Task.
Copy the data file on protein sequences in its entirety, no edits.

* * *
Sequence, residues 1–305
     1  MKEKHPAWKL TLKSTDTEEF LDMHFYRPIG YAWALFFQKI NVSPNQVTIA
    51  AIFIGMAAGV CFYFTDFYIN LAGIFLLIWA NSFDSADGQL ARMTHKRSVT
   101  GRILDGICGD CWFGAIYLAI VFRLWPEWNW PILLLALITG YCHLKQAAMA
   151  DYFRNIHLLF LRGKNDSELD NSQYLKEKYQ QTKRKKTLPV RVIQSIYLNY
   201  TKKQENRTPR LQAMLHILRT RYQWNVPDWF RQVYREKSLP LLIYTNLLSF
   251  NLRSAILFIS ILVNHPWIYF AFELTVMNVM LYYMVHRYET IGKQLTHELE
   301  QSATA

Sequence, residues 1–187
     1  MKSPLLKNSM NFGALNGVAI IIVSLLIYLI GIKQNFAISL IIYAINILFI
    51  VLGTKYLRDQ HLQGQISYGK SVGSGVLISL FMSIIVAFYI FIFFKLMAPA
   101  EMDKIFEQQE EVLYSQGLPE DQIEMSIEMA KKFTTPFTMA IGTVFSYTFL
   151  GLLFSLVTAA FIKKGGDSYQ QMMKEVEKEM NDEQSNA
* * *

Sequence, residues 1–305
     1  MKEKHPAWKL TLKSTDTEEF LDMHFYRPIG YAWALFFQKI NVSPNQVTIA
    51  AIFIGMAAGV CFYFTDFYIN LAGIFLLIWA NSFDSADGQL ARMTHKRSVT
   101  GRILDGICGD CWFGAIYLAI VFRLWPEWNW PILLLALITG YCHLKQAAMA
   151  DYFRNIHLLF LRGKNDSELD NSQYLKEKYQ QTKRKKTLPV RVIQSIYLNY
   201  TKKQENRTPR LQAMLHILRT RYQWNVPDWF RQVYREKSLP LLIYTNLLSF
   251  NLRSAILFIS ILVNHPWIYF AFELTVMNVM LYYMVHRYET IGKQLTHELE
   301  QSATA

Sequence, residues 1–187
     1  MKSPLLKNSM NFGALNGVAI IIVSLLIYLI GIKQNFAISL IIYAINILFI
    51  VLGTKYLRDQ HLQGQISYGK SVGSGVLISL FMSIIVAFYI FIFFKLMAPA
   101  EMDKIFEQQE EVLYSQGLPE DQIEMSIEMA KKFTTPFTMA IGTVFSYTFL
   151  GLLFSLVTAA FIKKGGDSYQ QMMKEVEKEM NDEQSNA